Thanks to recent Medicare reform bills signed into law, there are going to be several significant changes to Medicare in the coming years. If you are currently enrolled in Medicare, or you’re going to be enrolled in Medicare soon, these changes could impact your experience.
While it can be difficult to keep up with all the thousands of different reforms that are constantly being signed into law (or just created by executive fiat), this is one that we should all take note of.
Some Medigap Plans Going Away
Medigap insurance policies are an excellent resource for enrollees to supplement their original Medicare policies. These supplemental plans are sold by private insurance companies, and help pay for coverage gaps left by Medicare Parts A & B, but in 2020, some of the most popular plans aren’t going to be sold.
To help pay for the “doc fix” legislation that was recently created, they are changing the way that Medigap plans interact with Medicare. The plan to eliminate the ability of Medigap plans to cover the costs of Part B deductibles, which is a notable advantage to Medigap plans C and F, two of the most popular plans. Currently, these supplemental policies can cover the Part B deductibles that are used for doctor’s visits and outpatient care.
Some people believe that making patients pay for the Part B deductible will force them to think about going to the doctor before they cost Medicare more money. If Medigap policyholders have to pay for their deductible, the thought is they won’t go to the doctor for “pointless” reasons and waste Medicare money. But many experts think that this change may just keep seniors from getting the health care they need.
For anyone that purchases a Medigap Plan F or C BEFORE 2020, they will be allowed to keep their current plan, but they won’t be sold after 2020. Because these are two of the most popular plans on the market, we are going to see a massive shift to different Medigap plans, or even Medicare Advantage plans that will still be able to cover Part B premiums.
The prevailing though is that most people who go on Medicare will decide to take a Medicare supplement plan G policy. These policies cover all expenenses not covered by Medicare Parts A and B, except for the Medicare Part B premium. So once a person pays for that premium out of pocket all other health insurance costs will be taken care of.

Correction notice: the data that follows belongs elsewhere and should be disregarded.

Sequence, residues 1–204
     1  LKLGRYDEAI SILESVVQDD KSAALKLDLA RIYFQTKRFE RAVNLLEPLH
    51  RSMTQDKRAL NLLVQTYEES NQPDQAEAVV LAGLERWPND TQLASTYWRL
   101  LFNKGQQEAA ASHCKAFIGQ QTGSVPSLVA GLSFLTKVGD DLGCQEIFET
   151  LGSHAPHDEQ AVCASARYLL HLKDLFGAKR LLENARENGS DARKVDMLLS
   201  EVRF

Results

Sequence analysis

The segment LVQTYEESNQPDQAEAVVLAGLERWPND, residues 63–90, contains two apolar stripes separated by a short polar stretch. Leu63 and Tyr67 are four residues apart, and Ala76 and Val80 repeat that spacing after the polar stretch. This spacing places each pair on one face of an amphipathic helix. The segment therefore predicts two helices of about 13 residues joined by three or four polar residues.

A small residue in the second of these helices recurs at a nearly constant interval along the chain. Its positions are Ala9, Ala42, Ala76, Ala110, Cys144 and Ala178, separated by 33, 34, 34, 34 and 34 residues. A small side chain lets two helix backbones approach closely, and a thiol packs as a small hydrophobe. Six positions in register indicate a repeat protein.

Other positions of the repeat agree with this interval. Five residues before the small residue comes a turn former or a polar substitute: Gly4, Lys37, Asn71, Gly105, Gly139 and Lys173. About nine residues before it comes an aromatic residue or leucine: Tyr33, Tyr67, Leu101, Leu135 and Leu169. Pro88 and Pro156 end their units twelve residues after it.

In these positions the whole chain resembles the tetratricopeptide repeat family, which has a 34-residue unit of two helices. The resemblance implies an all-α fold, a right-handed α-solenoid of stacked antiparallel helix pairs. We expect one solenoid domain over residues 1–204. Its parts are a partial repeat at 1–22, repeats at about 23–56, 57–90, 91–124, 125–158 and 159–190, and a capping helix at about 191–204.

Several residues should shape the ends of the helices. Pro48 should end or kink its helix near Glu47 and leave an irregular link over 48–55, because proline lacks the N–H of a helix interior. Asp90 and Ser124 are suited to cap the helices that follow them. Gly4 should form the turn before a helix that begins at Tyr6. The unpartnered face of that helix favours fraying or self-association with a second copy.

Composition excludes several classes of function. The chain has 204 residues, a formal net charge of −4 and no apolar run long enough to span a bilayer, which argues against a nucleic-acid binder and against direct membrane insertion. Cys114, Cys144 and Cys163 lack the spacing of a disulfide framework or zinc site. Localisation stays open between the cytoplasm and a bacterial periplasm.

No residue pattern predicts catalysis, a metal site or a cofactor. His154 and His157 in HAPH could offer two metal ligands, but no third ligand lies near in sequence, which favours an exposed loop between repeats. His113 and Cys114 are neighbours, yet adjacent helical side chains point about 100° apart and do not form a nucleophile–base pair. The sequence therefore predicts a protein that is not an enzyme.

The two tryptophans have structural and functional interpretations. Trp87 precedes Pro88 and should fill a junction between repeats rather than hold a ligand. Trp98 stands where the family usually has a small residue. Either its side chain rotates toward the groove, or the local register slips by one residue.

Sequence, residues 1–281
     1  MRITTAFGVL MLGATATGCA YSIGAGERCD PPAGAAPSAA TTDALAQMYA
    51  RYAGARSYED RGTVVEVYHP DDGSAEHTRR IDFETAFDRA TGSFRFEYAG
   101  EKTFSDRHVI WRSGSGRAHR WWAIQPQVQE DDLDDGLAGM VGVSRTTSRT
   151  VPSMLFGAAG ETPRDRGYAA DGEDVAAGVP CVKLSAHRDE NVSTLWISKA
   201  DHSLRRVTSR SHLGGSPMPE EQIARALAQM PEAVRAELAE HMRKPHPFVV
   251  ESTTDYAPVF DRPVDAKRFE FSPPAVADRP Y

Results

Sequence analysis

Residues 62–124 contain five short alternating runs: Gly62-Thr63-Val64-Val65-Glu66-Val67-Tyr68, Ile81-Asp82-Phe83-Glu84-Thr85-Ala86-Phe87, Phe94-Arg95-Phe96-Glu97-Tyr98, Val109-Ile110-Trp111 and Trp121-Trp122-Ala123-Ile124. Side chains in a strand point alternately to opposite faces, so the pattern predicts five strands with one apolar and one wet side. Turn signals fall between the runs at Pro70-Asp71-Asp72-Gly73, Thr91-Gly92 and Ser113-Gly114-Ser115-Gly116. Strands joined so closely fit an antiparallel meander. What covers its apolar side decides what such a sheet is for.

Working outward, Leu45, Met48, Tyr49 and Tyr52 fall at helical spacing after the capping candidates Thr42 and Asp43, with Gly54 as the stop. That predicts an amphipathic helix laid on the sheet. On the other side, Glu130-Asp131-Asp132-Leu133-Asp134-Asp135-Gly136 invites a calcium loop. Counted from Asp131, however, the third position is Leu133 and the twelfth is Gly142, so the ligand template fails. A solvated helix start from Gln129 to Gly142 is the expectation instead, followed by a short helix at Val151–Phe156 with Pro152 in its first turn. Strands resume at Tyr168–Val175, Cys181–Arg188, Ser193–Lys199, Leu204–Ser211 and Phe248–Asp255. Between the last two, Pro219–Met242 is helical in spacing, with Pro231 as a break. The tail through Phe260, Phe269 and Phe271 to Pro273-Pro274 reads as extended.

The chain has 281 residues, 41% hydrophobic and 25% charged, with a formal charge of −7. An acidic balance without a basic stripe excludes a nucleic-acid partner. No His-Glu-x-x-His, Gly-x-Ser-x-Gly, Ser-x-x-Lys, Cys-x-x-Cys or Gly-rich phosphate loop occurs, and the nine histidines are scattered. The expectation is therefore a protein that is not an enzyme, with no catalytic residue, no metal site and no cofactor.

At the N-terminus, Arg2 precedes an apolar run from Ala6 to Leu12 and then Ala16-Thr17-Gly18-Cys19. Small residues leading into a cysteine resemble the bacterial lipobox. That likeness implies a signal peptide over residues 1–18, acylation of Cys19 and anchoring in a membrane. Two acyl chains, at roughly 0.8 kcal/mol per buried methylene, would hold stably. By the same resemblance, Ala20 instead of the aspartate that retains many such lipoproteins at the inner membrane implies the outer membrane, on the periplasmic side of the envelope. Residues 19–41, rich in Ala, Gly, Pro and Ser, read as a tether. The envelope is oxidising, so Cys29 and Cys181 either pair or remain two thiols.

Part B Premiums on the Rise
Medicare Part B premiums are set to increase in 2018. Currently, most enrollees pay $121.80, but those with higher levels of income pay more.
To recover some of the costs of the “doc fix” bill, they plan to raise monthly premiums and continue to raise them more frequently than before. For any high-income earners (anyone that earns between $133,500 and $214,000) they will pay even more.
With traditional Medicare Parts A and B, the Part B premiums are a significant portion of what enrollees pay for their healthcare coverage. With these premiums rising more frequently, it’s going to be an even more strenuous strain on many elderly American’s bank account.
No More Donut Hole
Not all of the changes coming to Medicare are bad. In fact, one of the changes in 2020 could save enrollees thousands of dollars in prescription drug costs. In the next few years, the donut hole is going to slowly be closing, until 2020 when it will be closed completely. Thanks to Obamacare, the infamous donut hole, that is a part of Medicare Part D, and can break many retirees’ bank account, is going to vanish. This is one of the few positive outcomes from Obamacare, but it could have a significant impact.
For anyone that doesn’t know, the donut hole is the point in which Medicare Part D plans don’t pay for enrollees’ drug costs until they reach a certain limit. With the donut hole gone, Part D participants won’t be forced to pay completely out-of-pocket for any of the medications they need.
Medicare in 2020
If it seems like Medicare is constantly changing, that is because it is. It can be difficult to keep up with the different aspects of Medicare and the surrounding programs, especially when they don’t stay the same for more than four years. But as a Medicare enrollee or soon-to-be enrollee, you should always be aware of any new laws or regulations that are going to impact your healthcare coverage.